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Nissan backs European electric car production with major investment

Nissan SUV
Nissan SUV Copyright Nissan SUV
Copyright Nissan SUV
By Stephen Dobie
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Big money and artificial intelligence are going into a wholly electric range of cars to be produced in the UK.

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Nissan has pledged another £2billion to its British factory with the confirmation of two fully electric SUVs.

While the announcement doesn’t yet herald new jobs at the Sunderland plant, it secures the positions of those already employed in the years to come. The plant is consistently one of Europe’s most productive, with one car rolling off its production lines every two minutes. It produced 325,458 vehicles in the 23/24 fiscal year.

Nissan has confirmed three EV models will make up that number in the years to come, enough to swell the potential investment in both its car factory and EV36Zero battery gigafactory to a £3billion total. Both facilities will be powered by wind and solar farms so that Nissan and its local suppliers, which together employ 30,000 people, can tap into 100 per cent renewable electricity. This is supplementary to its pledge that all brand-new Nissans launched in Europe will be electric-only.

“We cannot continue doing what we were doing in the past,” says Nissan president Makoto Uchida. “We must be competitive with cost and make the right vehicles to deliver good value to the customer. The world is fragmented now with regulations moving at a different pace. How we transform ourselves to adapt to those circumstances is the key to being sustainable. Exciting, electric vehicles are at the heart of our plans to achieve carbon neutrality.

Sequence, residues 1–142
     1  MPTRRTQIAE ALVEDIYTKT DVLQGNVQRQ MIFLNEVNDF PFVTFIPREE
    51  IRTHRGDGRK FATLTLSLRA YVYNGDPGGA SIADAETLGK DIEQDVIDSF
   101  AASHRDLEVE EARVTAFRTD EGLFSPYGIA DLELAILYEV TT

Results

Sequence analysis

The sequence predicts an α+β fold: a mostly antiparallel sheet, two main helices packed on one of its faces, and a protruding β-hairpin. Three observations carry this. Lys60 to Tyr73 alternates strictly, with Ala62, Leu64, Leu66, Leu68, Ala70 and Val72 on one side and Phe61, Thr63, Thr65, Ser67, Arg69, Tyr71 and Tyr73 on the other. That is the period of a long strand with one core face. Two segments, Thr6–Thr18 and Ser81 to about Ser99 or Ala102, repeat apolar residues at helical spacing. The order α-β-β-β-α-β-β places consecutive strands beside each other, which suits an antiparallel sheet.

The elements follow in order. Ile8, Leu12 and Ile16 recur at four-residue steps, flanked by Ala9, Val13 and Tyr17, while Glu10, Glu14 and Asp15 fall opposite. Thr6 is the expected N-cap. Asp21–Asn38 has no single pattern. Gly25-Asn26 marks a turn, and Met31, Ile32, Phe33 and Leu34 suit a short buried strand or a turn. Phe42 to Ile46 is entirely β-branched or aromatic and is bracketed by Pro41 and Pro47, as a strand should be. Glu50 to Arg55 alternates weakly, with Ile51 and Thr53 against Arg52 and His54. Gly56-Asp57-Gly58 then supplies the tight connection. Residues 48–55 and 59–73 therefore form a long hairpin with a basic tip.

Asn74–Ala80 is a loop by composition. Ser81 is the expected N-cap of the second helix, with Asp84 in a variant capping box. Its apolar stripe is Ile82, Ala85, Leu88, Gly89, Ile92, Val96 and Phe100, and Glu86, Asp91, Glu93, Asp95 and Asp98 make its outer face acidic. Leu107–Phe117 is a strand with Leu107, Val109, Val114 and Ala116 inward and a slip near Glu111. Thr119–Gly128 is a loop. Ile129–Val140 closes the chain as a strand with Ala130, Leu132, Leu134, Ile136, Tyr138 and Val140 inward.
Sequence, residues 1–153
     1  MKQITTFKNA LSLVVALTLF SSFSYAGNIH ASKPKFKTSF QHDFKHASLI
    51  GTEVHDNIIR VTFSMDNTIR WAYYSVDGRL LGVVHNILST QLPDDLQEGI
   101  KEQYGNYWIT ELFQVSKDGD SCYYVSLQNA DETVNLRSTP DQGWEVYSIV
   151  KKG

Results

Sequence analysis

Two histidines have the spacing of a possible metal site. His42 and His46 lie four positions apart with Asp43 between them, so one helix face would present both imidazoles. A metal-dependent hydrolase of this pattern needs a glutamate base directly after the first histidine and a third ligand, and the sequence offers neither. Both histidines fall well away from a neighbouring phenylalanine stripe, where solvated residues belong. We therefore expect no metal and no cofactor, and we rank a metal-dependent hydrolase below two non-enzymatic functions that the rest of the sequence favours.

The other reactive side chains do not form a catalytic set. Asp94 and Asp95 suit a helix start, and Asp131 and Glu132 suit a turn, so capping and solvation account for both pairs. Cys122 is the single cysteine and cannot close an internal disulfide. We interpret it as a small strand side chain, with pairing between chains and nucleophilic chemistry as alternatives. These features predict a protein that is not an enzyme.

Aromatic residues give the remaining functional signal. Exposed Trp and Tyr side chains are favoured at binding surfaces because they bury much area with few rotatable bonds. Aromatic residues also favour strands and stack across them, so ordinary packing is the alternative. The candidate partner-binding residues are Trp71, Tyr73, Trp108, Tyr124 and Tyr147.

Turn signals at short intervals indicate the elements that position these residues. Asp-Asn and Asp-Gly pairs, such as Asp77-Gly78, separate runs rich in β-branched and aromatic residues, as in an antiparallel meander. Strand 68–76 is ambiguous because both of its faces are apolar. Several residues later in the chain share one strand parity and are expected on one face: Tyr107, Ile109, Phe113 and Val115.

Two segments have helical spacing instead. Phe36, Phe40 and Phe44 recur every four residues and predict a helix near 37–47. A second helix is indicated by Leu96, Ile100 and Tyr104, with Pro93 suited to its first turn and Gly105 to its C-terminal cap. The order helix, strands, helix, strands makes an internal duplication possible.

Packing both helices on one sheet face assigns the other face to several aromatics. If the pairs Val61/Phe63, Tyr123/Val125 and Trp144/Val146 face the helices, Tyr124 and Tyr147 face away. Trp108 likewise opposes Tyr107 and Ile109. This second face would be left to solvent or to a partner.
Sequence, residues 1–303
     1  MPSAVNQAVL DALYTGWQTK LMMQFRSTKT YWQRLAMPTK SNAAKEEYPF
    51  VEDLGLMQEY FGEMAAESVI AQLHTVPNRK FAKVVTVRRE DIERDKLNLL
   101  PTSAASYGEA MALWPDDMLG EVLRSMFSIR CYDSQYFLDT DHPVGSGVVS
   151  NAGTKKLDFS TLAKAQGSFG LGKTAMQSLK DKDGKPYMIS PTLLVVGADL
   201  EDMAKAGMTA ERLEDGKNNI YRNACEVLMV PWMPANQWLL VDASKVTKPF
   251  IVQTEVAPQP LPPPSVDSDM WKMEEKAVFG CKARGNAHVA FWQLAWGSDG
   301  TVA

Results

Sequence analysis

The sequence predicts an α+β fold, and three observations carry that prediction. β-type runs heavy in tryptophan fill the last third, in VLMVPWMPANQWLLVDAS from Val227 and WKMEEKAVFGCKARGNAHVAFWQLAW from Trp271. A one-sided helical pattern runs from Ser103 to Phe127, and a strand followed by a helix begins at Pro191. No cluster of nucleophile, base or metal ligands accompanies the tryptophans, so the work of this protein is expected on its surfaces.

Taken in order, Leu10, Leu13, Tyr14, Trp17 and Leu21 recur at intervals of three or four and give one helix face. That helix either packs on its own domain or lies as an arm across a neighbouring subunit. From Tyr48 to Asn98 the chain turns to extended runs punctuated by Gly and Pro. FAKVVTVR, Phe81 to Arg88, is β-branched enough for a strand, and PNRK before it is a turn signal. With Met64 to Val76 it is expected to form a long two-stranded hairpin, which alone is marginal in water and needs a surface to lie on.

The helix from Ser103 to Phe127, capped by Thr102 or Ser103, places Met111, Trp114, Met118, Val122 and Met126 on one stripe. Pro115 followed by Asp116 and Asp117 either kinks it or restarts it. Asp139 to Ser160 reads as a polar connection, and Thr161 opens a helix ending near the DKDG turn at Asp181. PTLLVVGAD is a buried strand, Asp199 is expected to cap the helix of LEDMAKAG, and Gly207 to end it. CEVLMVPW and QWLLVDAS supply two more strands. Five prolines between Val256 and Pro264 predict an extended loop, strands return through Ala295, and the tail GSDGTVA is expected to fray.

“The EV36Zero project puts our Sunderland plant, Britain’s biggest ever car factory, at the heart of our future vision. It means our UK team will be designing, engineering and manufacturing the vehicles of the future, driving us towards an all-electric future for Nissan in Europe.”

UK Prime Minister Rishi Sunak has declared Nissan’s investment “a massive vote of confidence in the UK’s automotive industry,” enough to “secure Sunderland’s future as the UK’s Silicon Valley for electric vehicle innovation and manufacturing.” Nissan’s £3bn announcement goes hand-in-hand with confirmation of a new Investment Zone for the wider north-east of England region, while the government has provided £15m in funding to a £30m collaborative project led by Nissan to boost EV development at its technical centre in Bedfordshire. Its Juke and Qashqai models are famously UK designed, engineered and manufactured; a tradition their plug-in replacements look likely to continue.

Artificial Intelligence will provide a helping hand, too. “AI allows me to pick up a pencil again and be more creative,” says Nissan’s design chief Alfonso Albaisa from Nissan Design Europe’s central London home. “It amplifies each of us in the team. It can give you ten different versions of your own idea which you can then curate, spitting out something you can rebel against or run with.”

Sourcing the design, engineering and manufacturing of its European cars within their market has been a boon for the Japanese carmaker and a key to its success, the Juke and Qashqai consistently among Europe’s bestsellers.

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